Local Government Conservation and Management of Native Vegetation in Urban Australia Article First Online: 08 July 2004 DOI:
Cite this article as: Stenhouse, R. Environmental Management (2004) 34: 209. doi:10.1007/s00267-004-0231-6 Abstract
Reflecting a worldwide trend of devolution of power and responsibilities to local authorities, metropolitan local governments in Australia now have a role in protecting and managing native vegetation (bushland). Reporting on questionnaire and interview results for Sydney, Melbourne, Perth, and Adelaide, this research examines the main disturbances in local government bushlands, local governments’ efforts in bushland conservation, and universality of issues and responses among the cities and between urban and urban–rural local authorities. A number of disturbances in bushlands are common among the cities, with weeds, development impacts, and urban run off perceived to be the most threatening. Management efforts focus on weed control, whereas other main disturbances are receiving less attention. Community involvement in management is prevalent, although regional coordination among local governments is limited. Local governments are willing to be involved in biodiversity conservation and their capacity would be enhanced with increased funding, staffing, and regional coordination.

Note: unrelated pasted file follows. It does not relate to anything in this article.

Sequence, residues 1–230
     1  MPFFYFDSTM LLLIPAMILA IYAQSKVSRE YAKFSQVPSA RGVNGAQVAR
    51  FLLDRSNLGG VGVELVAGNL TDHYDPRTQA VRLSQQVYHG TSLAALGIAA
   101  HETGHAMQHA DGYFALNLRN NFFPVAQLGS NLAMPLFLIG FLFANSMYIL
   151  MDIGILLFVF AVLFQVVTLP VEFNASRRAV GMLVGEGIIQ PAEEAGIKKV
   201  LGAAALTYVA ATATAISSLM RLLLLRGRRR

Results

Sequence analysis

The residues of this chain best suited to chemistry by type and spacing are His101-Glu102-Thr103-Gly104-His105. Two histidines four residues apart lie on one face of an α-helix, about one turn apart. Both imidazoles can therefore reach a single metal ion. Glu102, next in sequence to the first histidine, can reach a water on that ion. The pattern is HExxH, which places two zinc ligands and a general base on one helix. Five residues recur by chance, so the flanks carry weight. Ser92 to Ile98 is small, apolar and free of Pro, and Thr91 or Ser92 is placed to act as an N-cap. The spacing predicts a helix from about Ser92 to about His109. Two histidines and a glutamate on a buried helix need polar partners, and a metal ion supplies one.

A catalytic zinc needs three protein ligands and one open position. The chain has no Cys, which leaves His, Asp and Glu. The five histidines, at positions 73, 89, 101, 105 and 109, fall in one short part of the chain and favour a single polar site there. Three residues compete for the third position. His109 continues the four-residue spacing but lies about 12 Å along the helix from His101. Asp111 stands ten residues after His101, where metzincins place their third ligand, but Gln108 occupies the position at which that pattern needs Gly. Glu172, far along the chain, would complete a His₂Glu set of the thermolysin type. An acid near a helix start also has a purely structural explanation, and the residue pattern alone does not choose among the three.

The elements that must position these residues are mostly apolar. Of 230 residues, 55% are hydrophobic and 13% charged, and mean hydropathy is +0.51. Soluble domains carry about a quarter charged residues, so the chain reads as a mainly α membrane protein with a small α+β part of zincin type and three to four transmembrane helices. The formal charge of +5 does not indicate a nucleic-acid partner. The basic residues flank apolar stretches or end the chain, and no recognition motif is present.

Local government Disturbance Environmental management Biodiversity conservation Urban bushland Note: This version was published online in June 2005 with the cover date of August 2004. Literature Cited
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